Meet our Donors: Amanda Blair

Our valued donors allow us to create exciting, new work for young audiences, traverse the globe and dream big for the future. Meet a family who has been instrumental in supporting this mission.


Amanda Blair knows Windmill’s playbills inside out. Not just because she has been a generous supporter of the company but she has seen her four children – Ginger, Nancy, Frank and Sidney – enjoy the shows first hand.

‘I think [Windmill] were probably the first introduction to large theatre for all four of them. I just loved what they did. I continue to love what they do,’ Amanda says.

To Amanda and her children, children’s theatre isn’t just about engaging audiences but changing perspectives.

‘They don’t dumb it down for kids,’ she adds. ‘They’re really smart in the way they communicate with children.’

It’s this sophistication which has kept Amanda coming back. She says Windmill shows have appeal for adults as well as kids: ‘I know that as a parent I’ve been subjected to seeing a whole raft of boring things! I can go and see a Windmill show and I’m happy to be there. I’m enjoying it myself.’

“Windmill is the benchmark of what children’s theatre should be.” Amanda Blair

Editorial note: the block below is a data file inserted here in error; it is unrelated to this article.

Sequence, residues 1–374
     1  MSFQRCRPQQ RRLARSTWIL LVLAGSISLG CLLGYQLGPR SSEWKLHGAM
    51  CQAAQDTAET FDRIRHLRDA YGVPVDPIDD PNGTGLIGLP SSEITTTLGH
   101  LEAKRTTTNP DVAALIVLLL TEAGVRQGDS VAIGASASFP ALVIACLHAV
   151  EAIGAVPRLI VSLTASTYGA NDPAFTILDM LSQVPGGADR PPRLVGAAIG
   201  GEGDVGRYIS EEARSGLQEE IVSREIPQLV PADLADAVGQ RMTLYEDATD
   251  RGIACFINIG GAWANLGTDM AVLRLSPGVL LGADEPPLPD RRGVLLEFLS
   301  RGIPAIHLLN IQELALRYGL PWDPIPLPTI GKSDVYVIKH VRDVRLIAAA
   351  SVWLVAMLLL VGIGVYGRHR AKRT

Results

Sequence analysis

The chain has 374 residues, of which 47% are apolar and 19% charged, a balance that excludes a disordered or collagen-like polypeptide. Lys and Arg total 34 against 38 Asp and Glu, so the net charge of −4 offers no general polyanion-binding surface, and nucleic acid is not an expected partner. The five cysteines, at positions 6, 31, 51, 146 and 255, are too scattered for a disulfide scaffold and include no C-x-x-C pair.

As for favourites? Amanda has ‘never seen anything [she doesn’t] like’ but with four young children the shows can mix together. She remembers Ted Prior’s haystack-lookalike well: ‘Grug was great. I loved the set.’

Amanda, well known for her own contribution to media as a former radio broadcaster and journalist, decided to become a donor after seeing her children’s love for Windmill unfold.

‘I cost what I give on the value of returns. What I get back is great theatre,’ she adds. ‘I just want them to continue. I feel quite happy to give them money because I think they’ve given me so much pleasure.’

It is the generous support of people like Amanda that empowers Windmill to continue creating great work for future generations to enjoy.

Amanda doesn’t only support the company financially; she loves to encourage other parents of young children to see a show. ‘I’m very happy to recommend,’ she says. ‘I always say to people, whenever they’re looking at taking their kids to see their first foray into live performance, to go and see a Windmill show because I just know they can be relied upon to nail it.’

It’s this quality that has kept Amanda and her family as regular patrons.

‘When you go and see a Windmill show, for me, I know it’s going to be a certain quality. For me, they are the benchmark of what children’s theatre should be.’

To learn how you can play your part in the Windmill story, visit

By Jordan Archer

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